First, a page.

In California, we are facing our highest unemployment rates since World War II, and searching widely for the correct “jobs strategies”—spend more on the state level, spend less, cut environmental regulations, cut payroll taxes, add hiring tax credits, green economy, technology economy.
To get perspective on our next steps we might turn back to the Fall of 1970, when the state unemployment rate was rising, and the free market system itself was under attack in our state. An influential essay of the time and the subsequent turnaround of the state economy are instructive.
Throughout the late 1960s, California unemployment remained low, as the state economy was fueled by rising defense and aerospace spending. Between September 1967 and December 1969, the California unemployment rate was consistently under 5%, and California payroll jobs increased by nearly 600,000 jobs, from 6,429,000 jobs to 7,027,000 jobs. In 1970, though, California unemployment began to rise rapidly. By September 1970, unemployment was up to 8.3%, to reach over 9% by the end of 1970.
Further, throughout 1970, California was rocked by protests not only against the Vietnam War, but against the nation’s economic structure. The burning of the Isla Vista Bank of America branch in Santa Barbara in spring 1970 was as much against this symbol of the capitalism in California as against Vietnam.
It was in Fall 1970, that the journal The Public Interest published an issue devoted to the future of capitalism, and containing an essay by Irving Kristol on the moral basis of capitalism. The essay, “When virtue loses all her loveliness—some reflections on capitalism and the free society”, takes its title from a passage in George Fitzhugh’s Sociology for the South, an attack on the industrial North in the pre-Civil War period:
“ In a free society none but the selfish virtues are in repute, because none other help a man in the race of competition. In such a society virtue loses all her loveliness, because of her selfish aims.”
In Kristol’s view, just as men and women cannot tolerate a sense of meaningless in their individual lives, so they cannot accept an economic structure in which “power, privilege and property are not distributed according to some morally meaningful criteria.” Kristol argues that over the 20th century the legitimacy of capitalism has been undermined as its rationales in America (Protestant Ethic, Darwinian Ethic, Technocratic Ethic) have lost force. A new moral basis was needed, most likely in “some combination of the reforming spirit with the conservative ideal”, found in the writings of conservative reformers Matthew Arnold and Herbert Croly. Croly, a co-founder of The New Republic in the early twentieth century argued for an economy guided by a strong national government, working with large corporate entities and labor unions.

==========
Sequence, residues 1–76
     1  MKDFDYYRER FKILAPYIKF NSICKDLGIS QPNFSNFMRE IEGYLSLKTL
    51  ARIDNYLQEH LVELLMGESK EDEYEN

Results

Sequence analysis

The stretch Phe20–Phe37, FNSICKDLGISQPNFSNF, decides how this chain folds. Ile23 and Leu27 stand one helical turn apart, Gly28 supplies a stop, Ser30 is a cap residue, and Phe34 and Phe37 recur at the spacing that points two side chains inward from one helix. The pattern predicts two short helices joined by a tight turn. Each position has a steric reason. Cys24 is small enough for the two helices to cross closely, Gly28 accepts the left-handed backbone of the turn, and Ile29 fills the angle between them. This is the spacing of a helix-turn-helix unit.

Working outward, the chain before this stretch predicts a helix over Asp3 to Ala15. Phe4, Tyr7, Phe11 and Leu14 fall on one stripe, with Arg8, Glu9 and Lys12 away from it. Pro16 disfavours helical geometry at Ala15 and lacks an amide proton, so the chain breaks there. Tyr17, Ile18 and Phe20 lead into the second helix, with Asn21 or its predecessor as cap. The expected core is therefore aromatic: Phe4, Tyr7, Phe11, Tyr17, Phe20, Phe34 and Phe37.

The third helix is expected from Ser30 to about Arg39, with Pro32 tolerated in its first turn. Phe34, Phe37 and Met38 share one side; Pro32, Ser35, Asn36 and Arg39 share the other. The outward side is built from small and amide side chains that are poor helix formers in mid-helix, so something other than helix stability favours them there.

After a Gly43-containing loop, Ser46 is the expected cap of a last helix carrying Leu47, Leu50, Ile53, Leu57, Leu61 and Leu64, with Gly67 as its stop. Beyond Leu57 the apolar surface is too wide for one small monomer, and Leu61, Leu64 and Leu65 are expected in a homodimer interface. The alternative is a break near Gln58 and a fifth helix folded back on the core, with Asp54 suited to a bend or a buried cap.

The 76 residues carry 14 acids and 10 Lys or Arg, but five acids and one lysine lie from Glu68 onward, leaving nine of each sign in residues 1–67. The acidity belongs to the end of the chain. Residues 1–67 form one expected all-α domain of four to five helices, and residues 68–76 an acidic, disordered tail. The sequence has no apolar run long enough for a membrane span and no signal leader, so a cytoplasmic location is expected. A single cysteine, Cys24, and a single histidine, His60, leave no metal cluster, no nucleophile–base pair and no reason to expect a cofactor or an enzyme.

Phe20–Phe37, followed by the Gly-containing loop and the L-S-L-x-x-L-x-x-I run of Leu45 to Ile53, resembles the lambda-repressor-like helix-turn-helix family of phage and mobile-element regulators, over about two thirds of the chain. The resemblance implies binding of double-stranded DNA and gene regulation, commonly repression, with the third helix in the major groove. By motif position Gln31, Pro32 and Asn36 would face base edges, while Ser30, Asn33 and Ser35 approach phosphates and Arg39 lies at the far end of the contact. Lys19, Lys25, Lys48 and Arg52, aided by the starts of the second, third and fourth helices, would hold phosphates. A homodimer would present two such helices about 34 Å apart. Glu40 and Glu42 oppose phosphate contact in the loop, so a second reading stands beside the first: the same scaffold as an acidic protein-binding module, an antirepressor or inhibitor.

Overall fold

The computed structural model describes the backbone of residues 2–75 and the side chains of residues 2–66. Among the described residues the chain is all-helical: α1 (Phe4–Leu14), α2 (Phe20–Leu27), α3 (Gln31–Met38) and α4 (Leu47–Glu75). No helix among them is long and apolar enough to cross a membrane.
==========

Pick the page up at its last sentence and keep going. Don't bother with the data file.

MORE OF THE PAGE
The essay was highly influential at the time, and in the years since continues to be read and referenced. Yet, if anything, it is instructive as its analysis is wrong—wrong about economic growth and wrong about the moral basis of the market system. In California, the economy took off again in the mid- 1970s, creating nearly 2 million payroll jobs between 1975 and 1982, and over 7.5 million payroll jobs between 1975 and 2007.
More generally , capitalism in the decades after 1970 emerged triumphant, as a system and ideology; and its main opponents, Communism and Socialism, discredited. Capitalism
In both cases, the success of the California economy and the legitimacy of capitalism nationwide and worldwide, came about for the same factors not foreseen by Kristol or most others in 1970: the rise of entrepeneurship, the unlocking of individual skills and drive rather than national government/corporation/union direction, the expansion of homeownership and other asset ownership to the middle classes and beyond, the reduction in individual tax rates from confiscatory levels.
Today, none of us in California know with any certainty where our economy is headed. We cannot say what will be the full impacts in the next decade of globalization, the European economic meltdowns, or the relenteless forces of technology.
Yet, in Sacramento as we sort through the list of job creation strategies it makes sense to hold firm to economic virtues that saved us in 1970.